Distributing Vaccines

RE-PLAN is a cloud-based program that pulls data from a variety of sources to help public health agencies create response plans to use during an epidemic.


A team of UNT researchers has developed a cloud-based computer program called RE-PLAN to help state and local public health agencies distribute the COVID-19 vaccine to ensure its timely availability according to each state's guidelines.

RE-PLAN is a program that pulls data from a variety of sources to help public health agencies create response plans to use during an epidemic. These response plans include locations where medications or vaccines will be distributed. RE-PLAN uses population information to help public health agencies place special resources in the proximity of people who need them. These resources include services to help people who have disabilities, people who do not speak English, and people who do not have cars.

“It’s all about helping public health departments understand where they need to put resources and how many resources they need,” says Marty O’Neill, director of UNT’s Center for Computational Epidemiology and Response Analysis. “These decisions must be made with respect to the specific needs of the populations they’re serving.”

Using RE-PLAN, agencies have the choice to either start from scratch on a plan, a process that, with the program, could take under an hour, or start from their existing emergency plans.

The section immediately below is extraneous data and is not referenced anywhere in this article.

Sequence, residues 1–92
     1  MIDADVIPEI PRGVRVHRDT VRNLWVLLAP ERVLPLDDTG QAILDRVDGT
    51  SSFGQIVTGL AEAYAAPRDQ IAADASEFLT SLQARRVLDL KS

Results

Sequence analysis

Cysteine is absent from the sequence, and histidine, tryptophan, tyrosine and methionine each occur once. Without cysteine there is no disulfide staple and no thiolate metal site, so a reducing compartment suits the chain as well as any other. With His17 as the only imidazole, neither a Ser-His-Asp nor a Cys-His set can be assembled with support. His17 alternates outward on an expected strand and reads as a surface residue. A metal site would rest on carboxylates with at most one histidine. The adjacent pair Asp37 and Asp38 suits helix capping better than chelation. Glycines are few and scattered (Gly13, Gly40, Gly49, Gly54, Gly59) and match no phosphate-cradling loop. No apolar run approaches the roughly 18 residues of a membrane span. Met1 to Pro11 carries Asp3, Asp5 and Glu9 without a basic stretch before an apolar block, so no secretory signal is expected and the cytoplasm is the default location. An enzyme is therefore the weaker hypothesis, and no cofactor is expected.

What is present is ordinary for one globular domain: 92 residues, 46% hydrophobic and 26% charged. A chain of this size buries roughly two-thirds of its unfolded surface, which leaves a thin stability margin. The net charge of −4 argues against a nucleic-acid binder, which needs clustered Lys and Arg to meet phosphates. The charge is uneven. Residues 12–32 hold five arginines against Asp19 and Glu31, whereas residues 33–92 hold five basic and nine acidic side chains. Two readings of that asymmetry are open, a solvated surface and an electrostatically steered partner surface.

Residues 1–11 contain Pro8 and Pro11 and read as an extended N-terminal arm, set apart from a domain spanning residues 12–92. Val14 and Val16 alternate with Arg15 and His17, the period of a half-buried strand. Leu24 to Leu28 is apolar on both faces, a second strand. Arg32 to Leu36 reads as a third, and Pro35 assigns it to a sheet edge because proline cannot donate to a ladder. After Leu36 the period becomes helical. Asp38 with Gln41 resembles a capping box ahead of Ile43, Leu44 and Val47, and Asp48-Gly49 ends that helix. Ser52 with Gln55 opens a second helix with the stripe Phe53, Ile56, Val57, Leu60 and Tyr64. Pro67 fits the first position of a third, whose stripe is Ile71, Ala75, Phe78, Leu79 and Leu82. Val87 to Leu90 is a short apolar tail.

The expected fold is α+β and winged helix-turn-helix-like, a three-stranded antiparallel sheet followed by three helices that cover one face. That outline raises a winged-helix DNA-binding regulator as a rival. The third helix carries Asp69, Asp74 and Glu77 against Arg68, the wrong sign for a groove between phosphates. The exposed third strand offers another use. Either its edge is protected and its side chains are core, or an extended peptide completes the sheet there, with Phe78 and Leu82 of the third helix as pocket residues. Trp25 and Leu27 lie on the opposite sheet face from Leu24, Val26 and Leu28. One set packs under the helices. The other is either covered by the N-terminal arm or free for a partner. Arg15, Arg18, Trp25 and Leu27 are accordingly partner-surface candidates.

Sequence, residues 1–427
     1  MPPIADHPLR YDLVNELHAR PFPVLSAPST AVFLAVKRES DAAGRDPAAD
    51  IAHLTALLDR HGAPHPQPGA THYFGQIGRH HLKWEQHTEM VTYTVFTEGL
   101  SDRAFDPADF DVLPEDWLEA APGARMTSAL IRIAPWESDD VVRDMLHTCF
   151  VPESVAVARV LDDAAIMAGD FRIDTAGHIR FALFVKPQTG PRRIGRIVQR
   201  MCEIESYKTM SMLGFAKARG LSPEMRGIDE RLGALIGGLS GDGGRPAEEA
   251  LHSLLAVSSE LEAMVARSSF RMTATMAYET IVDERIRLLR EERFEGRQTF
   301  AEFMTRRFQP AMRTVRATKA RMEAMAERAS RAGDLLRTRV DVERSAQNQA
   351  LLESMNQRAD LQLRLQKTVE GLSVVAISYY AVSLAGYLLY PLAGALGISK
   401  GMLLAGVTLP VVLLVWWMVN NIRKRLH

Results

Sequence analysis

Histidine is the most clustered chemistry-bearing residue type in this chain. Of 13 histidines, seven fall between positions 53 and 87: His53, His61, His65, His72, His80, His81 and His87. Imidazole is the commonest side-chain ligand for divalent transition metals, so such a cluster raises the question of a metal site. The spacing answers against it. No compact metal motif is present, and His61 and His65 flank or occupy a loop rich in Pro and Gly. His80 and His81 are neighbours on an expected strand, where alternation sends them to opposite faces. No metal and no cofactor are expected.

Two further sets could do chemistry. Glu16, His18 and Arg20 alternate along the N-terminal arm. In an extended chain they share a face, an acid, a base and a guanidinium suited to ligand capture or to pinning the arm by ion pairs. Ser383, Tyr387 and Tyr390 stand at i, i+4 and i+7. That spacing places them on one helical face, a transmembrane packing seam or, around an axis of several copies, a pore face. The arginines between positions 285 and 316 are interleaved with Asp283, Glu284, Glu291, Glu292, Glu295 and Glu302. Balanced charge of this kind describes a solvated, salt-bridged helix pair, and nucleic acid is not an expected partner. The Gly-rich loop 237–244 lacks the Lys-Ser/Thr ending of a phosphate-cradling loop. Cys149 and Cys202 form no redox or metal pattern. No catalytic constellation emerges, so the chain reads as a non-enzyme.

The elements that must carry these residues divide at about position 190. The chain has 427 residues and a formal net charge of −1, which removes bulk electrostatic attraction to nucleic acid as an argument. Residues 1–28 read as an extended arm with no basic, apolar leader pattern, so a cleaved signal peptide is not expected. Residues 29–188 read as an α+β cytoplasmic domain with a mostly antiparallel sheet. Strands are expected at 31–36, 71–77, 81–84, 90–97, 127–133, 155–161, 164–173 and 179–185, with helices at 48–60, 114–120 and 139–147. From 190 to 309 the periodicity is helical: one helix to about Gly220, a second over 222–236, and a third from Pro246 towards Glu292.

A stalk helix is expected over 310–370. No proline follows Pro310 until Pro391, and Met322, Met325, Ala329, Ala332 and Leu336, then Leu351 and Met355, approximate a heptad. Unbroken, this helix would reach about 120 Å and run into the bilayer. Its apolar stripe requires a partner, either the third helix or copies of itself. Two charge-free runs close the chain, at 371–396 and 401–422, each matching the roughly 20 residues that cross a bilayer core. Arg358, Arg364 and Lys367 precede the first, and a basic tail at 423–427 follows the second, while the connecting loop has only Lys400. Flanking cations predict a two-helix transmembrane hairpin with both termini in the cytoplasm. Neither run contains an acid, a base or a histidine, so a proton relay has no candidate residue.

The RE-PLAN system was originally designed at UNT to create emergency response plans for bioterrorism events involving anthrax or smallpox. When COVID-19 started spreading rapidly across Asia in January, O’Neill led a team of researchers to adapt RE-PLAN to focus on facilitating COVID-19 vaccinations. 

In addition to identifying which areas might need translators, easier accessibility, or more vaccination clinics, O’Neill’s team added the ability to explore where there are high rates of uninsured populations. In regions where COVID-19 vaccinations are being distributed to physician offices, health agencies will need to understand how to make vaccines available to their uninsured populations who do not have a medical provider.  

“We built RE-PLAN to solve a lot of the challenging problems involved in this type of emergency response planning. Public health agencies need to be able to choose where to place vaccination sites and determine how to distribute special resources to serve vulnerable populations,” O’Neill says. “We have worked to make the system as flexible as possible knowing that jurisdictions will need a variety of approaches to meet the needs of their communities.”

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